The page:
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8 Corporate Formalities to Consider

businessformation

When you research the different legal entities you can choose from to form your business, you are probably overwhelmed with information. Each entity provides a different management structure and unique tax consequences. Some entities offer more flexibility than others in terms of profit sharing. Choosing a legal entity when you are building your business requires a great deal of forethought and care. After all, whether you choose to be a partnership, corporation, or limited liability company affects how you run your business on a daily basis. For instance, corporations have a number of formalities you must adhere to. This is often a turn off for owners who want less rigidity in structure and rules and more time to be creative and sell their goods or services. But while corporate formalities may seem like a pain, they are intentionally created to help a corporation function and succeed as a separate entity from its owners.

Here are eight formalities you should consider before forming a corporation:

  1. File the Articles of Incorporation: To create a corporation in Florida, you must file your Articles of Incorporation with the Department of State. This document includes the corporation’s name, place of business, purpose, the stock structure, name of incorporators, and the registered agent.
  2. Incorporators hold an organizational meeting: After filing the Articles of Incorporation, the incorporators must meet to elect the corporation’s initial directors. All corporations must have at least one director, but most have a number to form a board of directors. Directors for a Florida corporation do not have to be Florida residents or shareholders of the company. They must be at least 18 years old. If the incorporators have already chosen the directors, then these individuals can be listed on the Articles of Incorporation.
  3. Create bylaws: The incorporators and/or directors should determine the bylaws of the corporation. While all corporations have shareholders, directors, and certain corporate officers, there is flexibility in the daily management of the business. The bylaws lay out provisions for how the company will be managed and regulated.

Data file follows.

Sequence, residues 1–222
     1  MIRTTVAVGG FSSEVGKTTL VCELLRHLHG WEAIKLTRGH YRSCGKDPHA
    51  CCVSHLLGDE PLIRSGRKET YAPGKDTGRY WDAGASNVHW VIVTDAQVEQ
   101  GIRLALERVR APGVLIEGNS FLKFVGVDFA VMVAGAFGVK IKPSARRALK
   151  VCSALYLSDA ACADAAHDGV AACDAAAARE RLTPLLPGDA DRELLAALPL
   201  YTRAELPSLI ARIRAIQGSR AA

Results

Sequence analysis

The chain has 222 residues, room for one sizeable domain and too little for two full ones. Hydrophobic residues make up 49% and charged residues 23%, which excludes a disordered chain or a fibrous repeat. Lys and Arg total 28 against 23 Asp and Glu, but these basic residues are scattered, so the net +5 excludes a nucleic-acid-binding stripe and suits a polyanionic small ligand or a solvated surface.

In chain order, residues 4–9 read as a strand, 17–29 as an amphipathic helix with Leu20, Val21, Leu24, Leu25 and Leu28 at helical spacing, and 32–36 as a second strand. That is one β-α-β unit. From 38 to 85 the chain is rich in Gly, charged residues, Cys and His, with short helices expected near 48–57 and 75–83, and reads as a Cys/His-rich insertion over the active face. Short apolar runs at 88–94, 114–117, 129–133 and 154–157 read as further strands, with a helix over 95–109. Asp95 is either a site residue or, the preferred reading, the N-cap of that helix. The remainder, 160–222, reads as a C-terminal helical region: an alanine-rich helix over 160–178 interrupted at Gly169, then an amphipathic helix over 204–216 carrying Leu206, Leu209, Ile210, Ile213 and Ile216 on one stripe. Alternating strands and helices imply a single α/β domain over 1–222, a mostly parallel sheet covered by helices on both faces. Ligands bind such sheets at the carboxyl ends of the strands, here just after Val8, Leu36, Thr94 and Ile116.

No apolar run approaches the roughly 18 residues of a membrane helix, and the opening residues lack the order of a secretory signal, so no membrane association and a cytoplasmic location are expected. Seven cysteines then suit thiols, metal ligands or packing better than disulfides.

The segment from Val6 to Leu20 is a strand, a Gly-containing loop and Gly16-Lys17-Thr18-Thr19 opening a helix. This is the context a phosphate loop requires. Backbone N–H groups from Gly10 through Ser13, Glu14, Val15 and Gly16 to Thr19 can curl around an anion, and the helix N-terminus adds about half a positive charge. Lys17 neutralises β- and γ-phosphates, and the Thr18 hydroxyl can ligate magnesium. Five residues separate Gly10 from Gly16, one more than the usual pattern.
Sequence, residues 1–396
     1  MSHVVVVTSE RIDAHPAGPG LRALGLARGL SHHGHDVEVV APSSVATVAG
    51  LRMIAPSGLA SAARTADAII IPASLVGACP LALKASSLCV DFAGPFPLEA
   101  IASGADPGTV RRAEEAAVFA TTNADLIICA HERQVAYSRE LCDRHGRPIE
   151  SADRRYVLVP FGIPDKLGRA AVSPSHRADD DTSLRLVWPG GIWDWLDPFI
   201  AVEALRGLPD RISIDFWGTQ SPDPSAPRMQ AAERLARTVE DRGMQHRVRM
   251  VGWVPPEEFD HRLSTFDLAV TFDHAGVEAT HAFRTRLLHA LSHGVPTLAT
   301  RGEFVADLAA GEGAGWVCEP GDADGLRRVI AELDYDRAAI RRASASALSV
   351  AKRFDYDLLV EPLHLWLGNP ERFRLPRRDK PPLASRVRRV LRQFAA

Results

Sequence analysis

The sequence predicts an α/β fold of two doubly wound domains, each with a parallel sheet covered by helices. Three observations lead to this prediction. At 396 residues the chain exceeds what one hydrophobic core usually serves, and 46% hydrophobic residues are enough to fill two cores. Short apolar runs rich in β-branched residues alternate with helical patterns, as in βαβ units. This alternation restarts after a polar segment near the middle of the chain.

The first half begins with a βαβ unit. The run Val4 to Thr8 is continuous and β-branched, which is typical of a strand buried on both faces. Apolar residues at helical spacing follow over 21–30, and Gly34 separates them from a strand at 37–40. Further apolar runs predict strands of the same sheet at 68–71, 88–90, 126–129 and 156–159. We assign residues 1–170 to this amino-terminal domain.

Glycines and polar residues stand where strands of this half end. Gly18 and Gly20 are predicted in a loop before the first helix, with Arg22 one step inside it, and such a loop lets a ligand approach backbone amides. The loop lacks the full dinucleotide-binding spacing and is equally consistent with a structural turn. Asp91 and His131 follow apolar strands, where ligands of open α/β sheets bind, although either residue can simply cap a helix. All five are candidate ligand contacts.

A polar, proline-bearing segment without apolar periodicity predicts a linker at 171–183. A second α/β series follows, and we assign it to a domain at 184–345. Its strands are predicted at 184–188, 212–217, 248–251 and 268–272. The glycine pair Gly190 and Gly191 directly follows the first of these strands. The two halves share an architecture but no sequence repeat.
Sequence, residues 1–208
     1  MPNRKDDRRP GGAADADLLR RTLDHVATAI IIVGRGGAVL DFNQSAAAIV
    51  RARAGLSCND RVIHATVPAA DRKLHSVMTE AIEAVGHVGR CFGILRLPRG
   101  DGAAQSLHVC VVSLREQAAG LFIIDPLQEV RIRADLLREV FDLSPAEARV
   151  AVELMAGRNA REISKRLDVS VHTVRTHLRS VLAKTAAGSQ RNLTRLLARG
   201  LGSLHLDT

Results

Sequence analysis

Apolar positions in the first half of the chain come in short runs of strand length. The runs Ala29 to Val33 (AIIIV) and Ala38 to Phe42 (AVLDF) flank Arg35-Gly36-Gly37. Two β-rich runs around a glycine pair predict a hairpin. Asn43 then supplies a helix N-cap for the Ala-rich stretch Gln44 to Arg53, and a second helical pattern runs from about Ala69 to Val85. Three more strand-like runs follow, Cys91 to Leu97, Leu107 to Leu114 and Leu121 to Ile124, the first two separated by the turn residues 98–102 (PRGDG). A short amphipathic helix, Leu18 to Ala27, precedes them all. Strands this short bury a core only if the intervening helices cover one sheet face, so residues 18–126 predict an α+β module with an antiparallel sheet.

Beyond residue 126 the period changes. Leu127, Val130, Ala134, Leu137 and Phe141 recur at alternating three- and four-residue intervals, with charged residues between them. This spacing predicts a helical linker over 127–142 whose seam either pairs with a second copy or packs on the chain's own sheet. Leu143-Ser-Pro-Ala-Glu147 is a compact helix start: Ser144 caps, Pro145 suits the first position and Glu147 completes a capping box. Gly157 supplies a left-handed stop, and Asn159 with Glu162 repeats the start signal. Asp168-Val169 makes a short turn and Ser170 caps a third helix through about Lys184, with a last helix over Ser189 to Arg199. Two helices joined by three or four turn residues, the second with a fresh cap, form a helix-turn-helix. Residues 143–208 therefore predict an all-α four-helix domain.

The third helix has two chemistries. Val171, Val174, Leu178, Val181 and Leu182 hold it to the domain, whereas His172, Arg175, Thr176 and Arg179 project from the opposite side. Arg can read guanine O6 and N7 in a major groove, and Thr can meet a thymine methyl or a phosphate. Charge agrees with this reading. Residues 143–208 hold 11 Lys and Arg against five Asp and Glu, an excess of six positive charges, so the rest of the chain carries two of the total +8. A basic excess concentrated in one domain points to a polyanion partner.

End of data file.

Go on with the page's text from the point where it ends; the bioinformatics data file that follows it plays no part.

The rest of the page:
4. Arrange the corporate records: All corporations must maintain their business records. It is recommended that the business create a binder or file that contains important documents such as a copy of the Articles of Incorporation and bylaws, stock certificates, and minutes for annual and special board of director and shareholder meetings. These records should be maintained at the primary office.
  5. Hold the first annual board of directors meeting: Once the corporation is created and the initial directors appointed, the directors should hold their first board meeting. If bylaws have not yet been created, they should do so now. The directors can also create the official corporate seal and stock certificate and then issue shares of stock. The board will meet at least once a year, usually right after the annual shareholders meeting. All of the business conducted each meeting must be recorded in the minutes.
  6. Issue stock certificates: Once the directors have approved the corporate stock certificate, a paper certificate can be granted to each shareholder.
  7. Hold the first annual shareholders meeting: Shareholders must meet every year – the date for which is laid out in the bylaws. At the first meeting, shareholders may vote on who will become directors. After the initial appointments, shareholders vote on directors for the corporation. Minutes for this meeting should be taken and recorded.
  8. File an annual report with the state: Corporations must file a yearly report with the state and pay an annual fee to ensure they remain active.

Corporations have many initial and annual formalities to follow, but that does not mean that this structure is not right for your business. Call the experienced West Palm Beach business formations attorney Larry E. Bray for more information.

Resource:

sunbiz.org/

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